WOMEN ON THE 6TH FLOOR, THE
Earnest stockbroker and family man Jean Louis Joubert (Fabrice Luchini) lives the typical early 1960s middle class Parisian life, with his lovely wife Suzanne (Sandrine Kiberlain) and a couple of young sons. When their long time housemaid leaves and they find a replacement in Maria (Natalia Verbeke), Jean Louis's world begins to change as the young Spanish woman and her fellow maids living in pokey rooms on the 6th floor of the apartment block, attract his attention. Their simple and hardworking lives hide a love of life to which the bored and boring Jean Louis responds, almost against his will. And after years of worrying about how perfectly his googgy egg is cooked, Jean Louis discovers the things that are more important in his life.
Review by Louise Keller:
The distance between the bourgeoisie and the working class has never been so delightfully measured as in this delicious upstairs downstairs comedy, when a Spanish maid becomes the catalyst for change. The inspiration for writer director Philippe Le Guay's story was inspired by his childhood, when his family employed a Spanish housemaid. Here, Le Guay contrasts only too well the chilly mood that exists in the fine apartment of the stockbroker and his icy wife with the warmth and joie de vivre that exudes from the Spanish contingent of domestics who live on the 6th floor. Vive la difference!
In the opening scenes, we meet Fabrice Luchini's pedantic stockbroker Jean-Louis Joubert (whose day is sunny if he starts it with a three and a half minute egg for breakfast), and his socialite, bridge-playing wife Suzanne (Sandrine Kiberlain). The pretty new Spanish maid Maria (Natalia Verbeke) with a dimpled smile has changed everything at home; not only does she manage the housekeeping perfectly, but her presence has injected a warmth that was previously missing. There's a wonderful exuberance about life on the 6th floor, where all the Spanish maids live in close proximity to each other and support each other in everything. That first day on the job, when Maria asks her friends to give her a hand with the chores, they vacuum, polish, clean and iron to the contagious strains of Itsy Bitsy Yellow Polka dot Bikini, making the life of a domestic look far more enticing than the boring days spent by their bosses.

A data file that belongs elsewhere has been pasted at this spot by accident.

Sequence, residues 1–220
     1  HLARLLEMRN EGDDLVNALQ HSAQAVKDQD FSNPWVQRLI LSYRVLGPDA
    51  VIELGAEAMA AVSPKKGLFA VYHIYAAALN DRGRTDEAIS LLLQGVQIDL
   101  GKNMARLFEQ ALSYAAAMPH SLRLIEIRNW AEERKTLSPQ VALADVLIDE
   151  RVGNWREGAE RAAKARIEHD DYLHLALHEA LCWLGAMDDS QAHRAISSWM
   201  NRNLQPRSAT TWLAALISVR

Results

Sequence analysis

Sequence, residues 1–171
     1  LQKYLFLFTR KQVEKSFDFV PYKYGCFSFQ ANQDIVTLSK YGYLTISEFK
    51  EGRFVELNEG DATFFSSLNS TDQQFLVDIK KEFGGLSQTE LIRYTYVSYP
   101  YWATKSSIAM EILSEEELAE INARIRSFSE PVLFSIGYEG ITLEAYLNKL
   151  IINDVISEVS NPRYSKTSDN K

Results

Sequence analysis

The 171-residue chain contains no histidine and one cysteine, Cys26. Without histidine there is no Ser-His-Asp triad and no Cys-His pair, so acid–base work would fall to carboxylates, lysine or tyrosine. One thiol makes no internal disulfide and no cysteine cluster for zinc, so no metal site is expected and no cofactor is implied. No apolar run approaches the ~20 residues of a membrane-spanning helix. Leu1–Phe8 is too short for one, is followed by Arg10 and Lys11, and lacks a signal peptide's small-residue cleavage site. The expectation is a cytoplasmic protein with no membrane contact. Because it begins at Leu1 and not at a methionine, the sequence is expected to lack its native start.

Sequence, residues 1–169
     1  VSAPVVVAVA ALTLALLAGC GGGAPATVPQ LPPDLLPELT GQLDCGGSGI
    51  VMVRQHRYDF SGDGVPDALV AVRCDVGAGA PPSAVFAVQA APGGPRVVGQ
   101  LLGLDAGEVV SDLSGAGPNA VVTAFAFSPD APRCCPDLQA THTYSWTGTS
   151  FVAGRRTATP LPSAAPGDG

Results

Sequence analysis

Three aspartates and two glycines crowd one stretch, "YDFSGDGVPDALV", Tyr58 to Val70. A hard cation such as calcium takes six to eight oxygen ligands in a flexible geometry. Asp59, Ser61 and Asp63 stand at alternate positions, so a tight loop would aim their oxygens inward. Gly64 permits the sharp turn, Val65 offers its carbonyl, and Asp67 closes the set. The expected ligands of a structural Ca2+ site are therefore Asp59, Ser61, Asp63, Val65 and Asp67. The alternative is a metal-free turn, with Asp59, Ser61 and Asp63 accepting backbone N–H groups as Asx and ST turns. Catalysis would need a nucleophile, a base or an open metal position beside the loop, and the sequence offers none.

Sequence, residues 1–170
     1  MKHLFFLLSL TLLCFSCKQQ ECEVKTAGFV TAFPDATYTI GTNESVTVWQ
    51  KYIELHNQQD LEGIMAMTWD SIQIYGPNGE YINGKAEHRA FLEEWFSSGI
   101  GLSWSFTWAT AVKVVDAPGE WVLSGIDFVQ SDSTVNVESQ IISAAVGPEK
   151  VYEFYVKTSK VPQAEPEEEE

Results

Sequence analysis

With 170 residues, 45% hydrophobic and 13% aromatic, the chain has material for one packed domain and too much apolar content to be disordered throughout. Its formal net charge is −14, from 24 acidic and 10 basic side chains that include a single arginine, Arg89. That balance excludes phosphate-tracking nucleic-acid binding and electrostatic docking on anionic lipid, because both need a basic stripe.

The way Jean-Louis becomes involved in the lives of the women starts quite naturally - a blocked toilet, a phone call for a sister's baby, an apartment for an abused wife and teaching them about financial investments. Suddenly, he is spending more and more time with the Spanish women and when Suzanne accuses him of an affair with a man-eating socialite client by the wonderful name of Bettina de Brossolette (Audrey Fleurot), he can't be bothered denying it and uses it as an excuse to move into a little attic room near the women on the 6th floor.